Stripping otherwise good paint off a sound bottom to barrier coat it is a waste of time, money and paint. This is especially true if you have been keeping your boat in the water for most or all of the year. If the bottom has been wet for a few years or more and does not have blisters, she doesn't NEED a barrier coat.
Ditto the Micron Extra recommendation, you can find compatibility info at http://www.yachtpaint.com/USA/hotlinks/compat.pdf and if you have questions call their 800 number, 800-468-7589 they are very helpful on the phone.

PS - FWIW you only need to add ablative paint when the existing paint is close to gone, so try to figure out what paint is left on the bottom - you may not need to paint at all. If you just add more paint when not needed, you eventually end up with a heavy buildup that starts to flake and REQUIRES stripping to remove.
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Last edited by sailingfool; 07-09-2008 at 10:13 AM.
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Old 07-09-2008
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DB...I think you need to haul and see what you find before making any decisions. My guess is that you will need to blast simply to get the bottom in shape to paint and have the paint stick. Once you blast...you can see if blisters are present. If they are...then you have a whole different set of decisions to make. If they aren't you probably will never need a barrier coat since the boat has been in ideal blister creating conditions for years!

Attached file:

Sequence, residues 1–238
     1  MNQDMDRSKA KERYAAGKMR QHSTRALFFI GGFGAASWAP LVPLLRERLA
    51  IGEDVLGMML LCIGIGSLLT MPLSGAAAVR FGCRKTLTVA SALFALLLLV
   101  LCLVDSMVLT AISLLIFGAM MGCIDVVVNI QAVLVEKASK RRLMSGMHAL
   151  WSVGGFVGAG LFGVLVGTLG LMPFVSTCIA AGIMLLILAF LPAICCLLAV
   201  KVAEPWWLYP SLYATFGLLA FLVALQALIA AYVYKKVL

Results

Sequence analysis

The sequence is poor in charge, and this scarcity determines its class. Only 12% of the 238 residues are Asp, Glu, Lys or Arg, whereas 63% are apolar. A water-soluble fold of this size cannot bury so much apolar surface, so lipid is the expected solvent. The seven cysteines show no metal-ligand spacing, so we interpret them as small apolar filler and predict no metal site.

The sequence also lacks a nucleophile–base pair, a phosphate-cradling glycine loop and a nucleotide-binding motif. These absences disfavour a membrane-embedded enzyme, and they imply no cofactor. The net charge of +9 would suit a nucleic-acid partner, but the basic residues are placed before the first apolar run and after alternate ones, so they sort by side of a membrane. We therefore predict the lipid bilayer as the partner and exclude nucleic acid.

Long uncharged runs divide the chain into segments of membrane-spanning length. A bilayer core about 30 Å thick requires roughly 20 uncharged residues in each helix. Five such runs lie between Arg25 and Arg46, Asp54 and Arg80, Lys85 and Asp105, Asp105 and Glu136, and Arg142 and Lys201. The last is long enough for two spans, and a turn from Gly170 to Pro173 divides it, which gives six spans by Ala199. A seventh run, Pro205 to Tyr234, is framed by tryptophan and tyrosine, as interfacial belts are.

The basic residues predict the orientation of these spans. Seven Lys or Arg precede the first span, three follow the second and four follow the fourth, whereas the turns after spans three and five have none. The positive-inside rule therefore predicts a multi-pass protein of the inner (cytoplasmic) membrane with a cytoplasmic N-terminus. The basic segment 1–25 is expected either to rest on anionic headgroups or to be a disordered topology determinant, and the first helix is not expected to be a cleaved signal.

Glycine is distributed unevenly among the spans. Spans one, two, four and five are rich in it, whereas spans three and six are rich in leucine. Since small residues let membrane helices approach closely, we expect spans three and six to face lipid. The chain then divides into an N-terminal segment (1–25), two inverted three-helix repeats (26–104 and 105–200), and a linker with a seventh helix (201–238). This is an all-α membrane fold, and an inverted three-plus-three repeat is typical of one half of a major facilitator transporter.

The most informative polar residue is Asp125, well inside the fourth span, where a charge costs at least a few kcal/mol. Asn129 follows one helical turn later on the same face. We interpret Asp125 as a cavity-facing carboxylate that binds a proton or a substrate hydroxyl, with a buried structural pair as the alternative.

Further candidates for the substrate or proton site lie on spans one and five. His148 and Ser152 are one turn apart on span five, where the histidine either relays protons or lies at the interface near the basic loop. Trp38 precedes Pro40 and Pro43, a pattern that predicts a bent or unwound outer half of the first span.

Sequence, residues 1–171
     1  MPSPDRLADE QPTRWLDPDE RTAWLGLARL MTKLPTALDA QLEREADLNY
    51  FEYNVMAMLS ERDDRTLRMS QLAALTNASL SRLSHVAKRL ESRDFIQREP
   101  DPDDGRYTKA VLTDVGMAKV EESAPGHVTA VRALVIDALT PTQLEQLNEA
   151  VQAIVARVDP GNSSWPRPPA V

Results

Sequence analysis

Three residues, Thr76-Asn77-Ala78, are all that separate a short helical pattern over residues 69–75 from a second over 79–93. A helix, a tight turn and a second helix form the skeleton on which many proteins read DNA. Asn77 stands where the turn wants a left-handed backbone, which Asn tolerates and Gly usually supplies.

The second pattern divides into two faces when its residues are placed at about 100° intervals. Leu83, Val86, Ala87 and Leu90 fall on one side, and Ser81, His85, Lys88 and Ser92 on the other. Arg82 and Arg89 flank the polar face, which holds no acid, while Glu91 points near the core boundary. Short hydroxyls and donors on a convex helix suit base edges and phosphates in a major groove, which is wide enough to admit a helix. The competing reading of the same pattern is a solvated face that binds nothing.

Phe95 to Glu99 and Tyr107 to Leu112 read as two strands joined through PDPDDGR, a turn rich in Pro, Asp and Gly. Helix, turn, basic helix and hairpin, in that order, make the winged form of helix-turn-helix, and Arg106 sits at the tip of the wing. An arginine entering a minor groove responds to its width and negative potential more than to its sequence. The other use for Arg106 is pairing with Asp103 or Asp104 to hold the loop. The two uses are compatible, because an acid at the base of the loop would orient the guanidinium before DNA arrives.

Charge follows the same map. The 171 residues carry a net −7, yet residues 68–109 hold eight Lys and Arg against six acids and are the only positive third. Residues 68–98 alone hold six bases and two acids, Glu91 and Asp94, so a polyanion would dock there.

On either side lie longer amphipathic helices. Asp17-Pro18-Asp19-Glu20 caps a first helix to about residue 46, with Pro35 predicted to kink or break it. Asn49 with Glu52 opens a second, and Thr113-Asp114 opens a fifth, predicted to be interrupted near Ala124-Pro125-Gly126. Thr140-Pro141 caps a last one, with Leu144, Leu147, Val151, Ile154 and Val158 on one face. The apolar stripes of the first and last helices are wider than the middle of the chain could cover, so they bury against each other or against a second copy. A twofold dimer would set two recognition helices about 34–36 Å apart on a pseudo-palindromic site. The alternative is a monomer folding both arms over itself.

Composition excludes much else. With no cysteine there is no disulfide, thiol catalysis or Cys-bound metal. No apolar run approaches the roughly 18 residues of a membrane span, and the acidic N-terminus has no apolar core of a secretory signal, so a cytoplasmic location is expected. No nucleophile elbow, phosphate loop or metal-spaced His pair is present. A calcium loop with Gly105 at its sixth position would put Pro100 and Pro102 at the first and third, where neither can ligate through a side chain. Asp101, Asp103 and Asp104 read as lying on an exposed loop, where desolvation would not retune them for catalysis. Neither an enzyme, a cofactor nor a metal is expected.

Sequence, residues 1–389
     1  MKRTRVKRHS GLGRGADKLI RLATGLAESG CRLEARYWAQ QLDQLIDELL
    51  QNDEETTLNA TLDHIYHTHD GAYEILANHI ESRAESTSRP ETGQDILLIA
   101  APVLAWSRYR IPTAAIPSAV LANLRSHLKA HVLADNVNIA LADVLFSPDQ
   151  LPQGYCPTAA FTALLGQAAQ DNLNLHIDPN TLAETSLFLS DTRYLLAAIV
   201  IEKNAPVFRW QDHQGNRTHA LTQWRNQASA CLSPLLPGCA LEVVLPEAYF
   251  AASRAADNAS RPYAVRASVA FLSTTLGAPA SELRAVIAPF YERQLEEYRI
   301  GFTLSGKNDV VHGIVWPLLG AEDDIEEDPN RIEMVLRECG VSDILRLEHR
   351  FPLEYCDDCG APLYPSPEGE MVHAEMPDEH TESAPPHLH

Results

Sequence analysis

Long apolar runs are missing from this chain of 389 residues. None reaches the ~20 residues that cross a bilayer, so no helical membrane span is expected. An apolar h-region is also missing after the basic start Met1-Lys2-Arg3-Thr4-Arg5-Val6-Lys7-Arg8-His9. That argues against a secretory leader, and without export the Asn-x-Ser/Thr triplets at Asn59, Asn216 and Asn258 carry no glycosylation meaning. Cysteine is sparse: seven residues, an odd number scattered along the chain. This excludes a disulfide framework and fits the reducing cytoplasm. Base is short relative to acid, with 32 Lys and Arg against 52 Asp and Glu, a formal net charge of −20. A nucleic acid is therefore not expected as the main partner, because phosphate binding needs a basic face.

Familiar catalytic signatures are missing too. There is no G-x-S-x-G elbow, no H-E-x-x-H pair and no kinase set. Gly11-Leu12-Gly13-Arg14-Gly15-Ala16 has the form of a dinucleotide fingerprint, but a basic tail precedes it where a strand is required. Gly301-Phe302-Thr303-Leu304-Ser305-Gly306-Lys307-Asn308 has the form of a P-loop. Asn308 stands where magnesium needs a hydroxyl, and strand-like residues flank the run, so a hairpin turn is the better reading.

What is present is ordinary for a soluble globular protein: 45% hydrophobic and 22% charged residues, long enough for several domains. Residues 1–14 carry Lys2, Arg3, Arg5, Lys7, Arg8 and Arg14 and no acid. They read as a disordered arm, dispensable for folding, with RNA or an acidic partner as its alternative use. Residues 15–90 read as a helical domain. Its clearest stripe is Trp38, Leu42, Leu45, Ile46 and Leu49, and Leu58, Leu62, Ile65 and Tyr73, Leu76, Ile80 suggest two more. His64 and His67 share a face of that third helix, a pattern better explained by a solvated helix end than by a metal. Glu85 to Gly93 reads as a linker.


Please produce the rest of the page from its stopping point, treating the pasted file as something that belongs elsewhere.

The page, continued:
The barrier coat itself will run you around $400-500 bucks for the paint if you do it yourself. The bottom paint...around $600 for decent stuff like the Micron Extra. OR...you might consider a hard paint like Petit Trinidad SR that will let you scrub the bottom once in a while without damage. Maybe $150 more for this top notch paint. I would NOT use this over your existing paint..only if you are gonna blast.
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Old 07-09-2008
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If I blast it and if the bottom has no blisters (cross your fingers). How much time to paint with decent stuff. Can you do a coat a day or does it require extensive time to dry? I plan to do some of the work myself - ugh.

I think I'll pull it and work on other things until I can figure this out.

Freesail - I sail in brackish sound waters in NC. Great conditions for slime, barnacles, etc.
Cam - Thanks for the words of encouragement in the "hello" post. I'm enjoying the "nuthouse"
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DBboat,